First of all, let's start with a a short explanation of these functions.
For example if you have the folowing code:
package
{
   
    /**
     * ...
     * @author DukeW
     */

    public class Simple extends Example
    {
        public function button()

        {
           
        }
    }
   
}

and
package
{
   
    /**
     * ...
     * @author DukeW
     */

    public class Example
    {
        public function Example()

        {
           
        }
    }
   
}

This code:
var b:Simple= new Simple();
trace(getQualifiedClassName(b)<wbr>);
trace(<wbr>getQualifiedSuperclassName(b))<wbr>;

will trace "Simple" the first time "Example" the second time. Otherwisew said getQualifiedClassName will return the name of the class(type if you prefer). getQualifiedSuperclassName will return the name of the class that is directly inherited by the class/type of your variable.
While the functions explained above return a String getDefinitionByName returns an object representing a class.
For example:
package
{
    import fl.controls.Button;
    import flash.display.MovieClip;

    import flash.utils.<wbr>getDefinitionByName;
   
    /**
     * ...
     * @author ...
     */

    public class Example extends MovieClip
    {
        public function Example():void
        {

            var tempC:Class= getDefinitionByName("fl.<wbr>controls.Button") as Class;
            var b=new tempC();
            addChild(b);
        }
    }
   
}

A button will show up at x:0 y:0
Don't forget  you need to have to drag and drop a Button(from components) to the scene (in order to get in the library) if you want to use Buttons in your FLA.

Now that we have that settled let's see common applications.

Let's say you have 50 Symbols on your scene, 20 black ones 30 red ones.
If you want to add event listeners only to the red ones you have two options:
1. Export the symbol in the library for ActionScript and write a small class only for adding the listener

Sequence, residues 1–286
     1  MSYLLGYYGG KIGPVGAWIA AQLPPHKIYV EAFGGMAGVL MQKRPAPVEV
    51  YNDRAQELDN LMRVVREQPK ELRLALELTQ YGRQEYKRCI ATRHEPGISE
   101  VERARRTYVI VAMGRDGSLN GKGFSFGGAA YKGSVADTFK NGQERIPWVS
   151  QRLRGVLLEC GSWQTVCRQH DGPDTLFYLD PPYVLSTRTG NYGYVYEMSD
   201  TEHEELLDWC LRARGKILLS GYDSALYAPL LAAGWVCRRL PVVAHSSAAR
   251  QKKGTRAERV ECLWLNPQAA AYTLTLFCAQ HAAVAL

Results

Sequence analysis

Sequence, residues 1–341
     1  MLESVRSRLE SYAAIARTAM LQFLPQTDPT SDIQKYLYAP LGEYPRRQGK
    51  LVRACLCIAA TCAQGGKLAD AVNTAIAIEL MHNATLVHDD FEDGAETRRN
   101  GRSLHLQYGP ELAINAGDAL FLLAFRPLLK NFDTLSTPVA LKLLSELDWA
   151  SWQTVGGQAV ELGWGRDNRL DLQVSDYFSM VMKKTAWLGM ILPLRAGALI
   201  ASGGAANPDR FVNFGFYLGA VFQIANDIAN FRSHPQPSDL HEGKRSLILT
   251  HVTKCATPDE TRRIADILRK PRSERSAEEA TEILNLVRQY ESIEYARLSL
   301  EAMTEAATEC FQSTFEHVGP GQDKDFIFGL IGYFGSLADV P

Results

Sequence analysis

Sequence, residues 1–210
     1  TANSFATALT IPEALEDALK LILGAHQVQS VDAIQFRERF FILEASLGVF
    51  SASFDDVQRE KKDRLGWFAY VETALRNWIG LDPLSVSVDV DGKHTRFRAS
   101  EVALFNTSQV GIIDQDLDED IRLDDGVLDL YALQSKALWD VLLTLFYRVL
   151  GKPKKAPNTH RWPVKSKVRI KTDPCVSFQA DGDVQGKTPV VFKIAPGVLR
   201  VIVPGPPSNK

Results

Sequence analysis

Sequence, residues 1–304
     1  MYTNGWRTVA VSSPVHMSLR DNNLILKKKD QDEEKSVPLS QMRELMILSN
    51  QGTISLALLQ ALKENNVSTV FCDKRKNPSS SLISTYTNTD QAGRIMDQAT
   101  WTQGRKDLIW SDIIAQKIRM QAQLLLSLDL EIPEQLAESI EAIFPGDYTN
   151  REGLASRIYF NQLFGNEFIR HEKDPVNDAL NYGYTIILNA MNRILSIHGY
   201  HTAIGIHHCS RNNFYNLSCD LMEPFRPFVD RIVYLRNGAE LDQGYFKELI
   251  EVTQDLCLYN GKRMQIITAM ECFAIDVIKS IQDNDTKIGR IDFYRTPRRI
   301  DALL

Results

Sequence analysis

2. Export the symbol in the library for ActionScript. (For the sake of the following example lets say that we name the Class "red" and "black"). and then loop trough the children of the stage adding listeners only to objects witch are "red" for example:
package
{
    import flash.display.MovieClip;
    import flash.events.MouseEvent;
    import flash.utils.<wbr>getDefinitionByName;
    import flash.utils.<wbr>getQualifiedClassName;
   
    /**
     * ...

     * @author ...
     */

    public class Example extends MovieClip
    {
        public function Example():void
        {
            for (var i:Number = 0; i < this.numChildren; i++)
            {

                if (getQualifiedClassName(<wbr>getChildAt(i)) == "red")
                {
                    getChildAt(i).<wbr>addEventListener(MouseEvent.<wbr>CLICK, sayRed);
                }
            }
        }

       
        private function sayRed(e:MouseEvent):void
        {
            trace("I is red")
        }
    }    
}

I'm not saying this way is better than the first one, it really depends on your coding style and goal.
Now lets say that you have 50 TextFields(or any other symbols or components, that aren't relevant to your code) next to the 50 symbols and you want to add click events to your 50 symbols. When clicked you want them to say there color. The simplest way to do this with the functions discussed is to extend Circle from red and black(Base class in symbol properties window) and then use this code:
package
{
    import flash.display.MovieClip;
    import flash.events.MouseEvent;
    import flash.utils.getQualifiedClassName;
    import flash.utils.getQualifiedSuperclassName;
   
    /**
     * ...
     * @author DukeW
     */

    public class Example extends MovieClip
    {
        public function Example():void
        {
            for (var i:Number = 0; i < this.numChildren; i++)
            {
                if (getQualifiedSuperclassName(getChildAt(i)) == "Circle")
                {
                    getChildAt(i).addEventListener(MouseEvent.CLICK, sayIt);
                }
            }
        }
       
        private function sayIt(e:MouseEvent):void
        {
            //in our case you could just say trace(getQualifiedClassName(e.currentTarget)) but
            //But for the sake of this example im gonna write the long version
            if (getQualifiedClassName(e.currentTarget) == "red")
            {
                trace("I am red!")
            }
            else
            {
                trace("I am black!")
            }
           
        }
    }
   
}


You might be thinking that these examples are ok, but what are the practical uses. I cannot give you an exact answer, but usually when you have groups of symbols(like we had a group of red symbols and a group of black ones), and you either need to perform certain operations on them, or simply need to create them with "new" these functions come in handy.